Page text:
Whoever sets up the Virginia-Highland Summerfest each year must have a direct hotline to whatever higher powers there are. After endless sweltering, painful heat, followed by two days of torrential rain, it's been nothing but gorgeous for the weekend -- 80ish and sunny, light breeze, nice enough to fool me once again into thinking Atlanta's always got perfect weather.
I wandered up after my hangover cleared, thanks to a couple Bloody Marys -- Atlanta has some ridiculous draconian neo-fascist laws that mean you can't get served before 12:30, but when you got the connections, man, you can get hooked up. And if a day called for Bloody Marys, it's this one.
The festival is what you'd expect it to be -- crafts stalls, food stalls, cover bands ("man, as interpretations go, you do the best Cream"), lots of people. Pretty crowded -- as someone who's a relentless fast walker (to the point of near-rudeness, I fear), it forced me to put the brakes on a bit. None of that sounds terribly good, but it's pleasant. I live down the street, and look forward to it each year -- I'm regretting not taking the full weekend off this year.
I actually splurged on some art -- first time I've done that in a long time. My decorating skills are often derided -- my walls are a mishmash, with hockey jerseys, photos from various travels, concert posters, antique maps, a Czech flag, a poster for Bogart in "The Big Sleep" which has traveled to seven or eight different residences with me (and shows the wear), and a few other odds and ends. The new stuff doesn't give it any more cohesiveness, but it'll be a bit tougher for friends to mock than a Tomáš Klouček jersey.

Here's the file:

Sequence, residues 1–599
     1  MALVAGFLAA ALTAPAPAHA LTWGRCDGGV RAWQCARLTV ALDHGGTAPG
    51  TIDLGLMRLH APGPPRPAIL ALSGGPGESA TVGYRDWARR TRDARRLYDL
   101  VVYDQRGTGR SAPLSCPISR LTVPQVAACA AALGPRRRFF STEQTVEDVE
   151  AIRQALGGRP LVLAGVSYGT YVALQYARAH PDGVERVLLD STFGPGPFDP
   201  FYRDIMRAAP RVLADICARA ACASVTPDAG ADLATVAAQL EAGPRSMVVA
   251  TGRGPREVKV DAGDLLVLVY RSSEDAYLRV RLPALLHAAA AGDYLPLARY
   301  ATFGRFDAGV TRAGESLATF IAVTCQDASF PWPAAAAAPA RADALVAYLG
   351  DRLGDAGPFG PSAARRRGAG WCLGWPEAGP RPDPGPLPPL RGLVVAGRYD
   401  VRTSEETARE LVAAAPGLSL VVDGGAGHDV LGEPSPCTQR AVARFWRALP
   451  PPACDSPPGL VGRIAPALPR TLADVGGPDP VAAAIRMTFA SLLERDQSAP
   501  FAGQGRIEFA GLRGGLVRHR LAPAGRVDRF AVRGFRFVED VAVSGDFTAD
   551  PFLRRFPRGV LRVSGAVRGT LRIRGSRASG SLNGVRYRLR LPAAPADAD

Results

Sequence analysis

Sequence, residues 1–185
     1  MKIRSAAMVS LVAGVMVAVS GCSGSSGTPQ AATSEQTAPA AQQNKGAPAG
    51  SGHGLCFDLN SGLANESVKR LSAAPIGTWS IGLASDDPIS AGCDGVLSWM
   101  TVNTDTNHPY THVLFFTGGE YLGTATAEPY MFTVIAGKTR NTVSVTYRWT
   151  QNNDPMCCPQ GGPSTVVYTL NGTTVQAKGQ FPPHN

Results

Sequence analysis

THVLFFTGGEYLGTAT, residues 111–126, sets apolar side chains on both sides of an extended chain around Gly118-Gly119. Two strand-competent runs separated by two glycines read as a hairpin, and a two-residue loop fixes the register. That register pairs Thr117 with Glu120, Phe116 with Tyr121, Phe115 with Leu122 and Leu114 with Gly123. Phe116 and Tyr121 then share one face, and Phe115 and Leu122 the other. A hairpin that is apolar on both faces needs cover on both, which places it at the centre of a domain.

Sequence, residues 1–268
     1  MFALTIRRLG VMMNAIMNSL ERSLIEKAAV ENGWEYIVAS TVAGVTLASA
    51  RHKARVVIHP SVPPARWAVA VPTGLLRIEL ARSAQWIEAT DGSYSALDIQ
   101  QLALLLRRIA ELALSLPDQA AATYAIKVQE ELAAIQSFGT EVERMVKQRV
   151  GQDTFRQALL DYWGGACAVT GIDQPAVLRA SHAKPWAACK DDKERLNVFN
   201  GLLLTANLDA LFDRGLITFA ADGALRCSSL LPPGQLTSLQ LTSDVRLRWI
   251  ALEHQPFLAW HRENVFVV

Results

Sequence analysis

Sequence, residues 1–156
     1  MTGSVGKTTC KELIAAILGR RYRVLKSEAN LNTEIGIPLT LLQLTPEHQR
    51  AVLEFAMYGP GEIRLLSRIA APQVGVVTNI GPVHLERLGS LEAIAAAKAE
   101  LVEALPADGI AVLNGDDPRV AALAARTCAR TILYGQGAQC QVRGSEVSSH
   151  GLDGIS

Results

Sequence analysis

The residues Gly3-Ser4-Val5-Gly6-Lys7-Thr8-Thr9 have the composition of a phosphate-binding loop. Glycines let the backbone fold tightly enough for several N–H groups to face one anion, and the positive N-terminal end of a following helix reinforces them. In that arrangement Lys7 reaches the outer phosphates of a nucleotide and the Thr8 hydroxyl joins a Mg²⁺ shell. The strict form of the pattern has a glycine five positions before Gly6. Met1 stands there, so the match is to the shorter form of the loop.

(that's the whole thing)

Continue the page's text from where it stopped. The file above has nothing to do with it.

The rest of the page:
The one thing I've been holding out for is a linocut by Katherine W. Linn. I saw her work for the first time at last year's fest, then dithered until post-festival before deciding I really wanted one. This year, no dithering (for the one I purchased, click that link, then "Linocuts I" -- I bought the "Rio Vista" print). She renders Atlanta landmarks of the non-tourist variety -- rather than Stone Mountain or the World of Coke, the neighborhood bars and restaurants and groceries. I love that sort of thing, as has probably shown through before. Many of her prints remember places that were gone before I came to Atlanta; others have since gone; a few (The Majestic Grill, Moe's and Joe's, George's, the Clermont) are still hanging on. I don't know how interesting the prints would be to those outside Atlanta, but I'm absolutely enamored of them.
I also broke one of my top rules -- that I only display photographs I've taken. This isn't as self-absorbed as it sounds; I fear that if I start putting up others' travel photos, that I'm -- in a way -- letting them do the work for me. But a photo by Hope Shakya caught my eye -- a shadowed doorway in an old Moroccan king's palace. It's probably some years before I'll get to Morocco, and there's no guarantee I could ever come close to capturing that scene. And most importantly, it just blew me away. Alas, it's not up on her website, but plenty of other lovely photos are.
One more link, though I didn't (due to limited money and wall space) purchase anything -- Atlanta Vintage Travel. It's local scenes (old and current) done up in 1930s travel poster style, and they're fantastic (if you like that style -- as you can probably guess, I do). Eventually, wall space or not, I'll have to get the Majestic poster.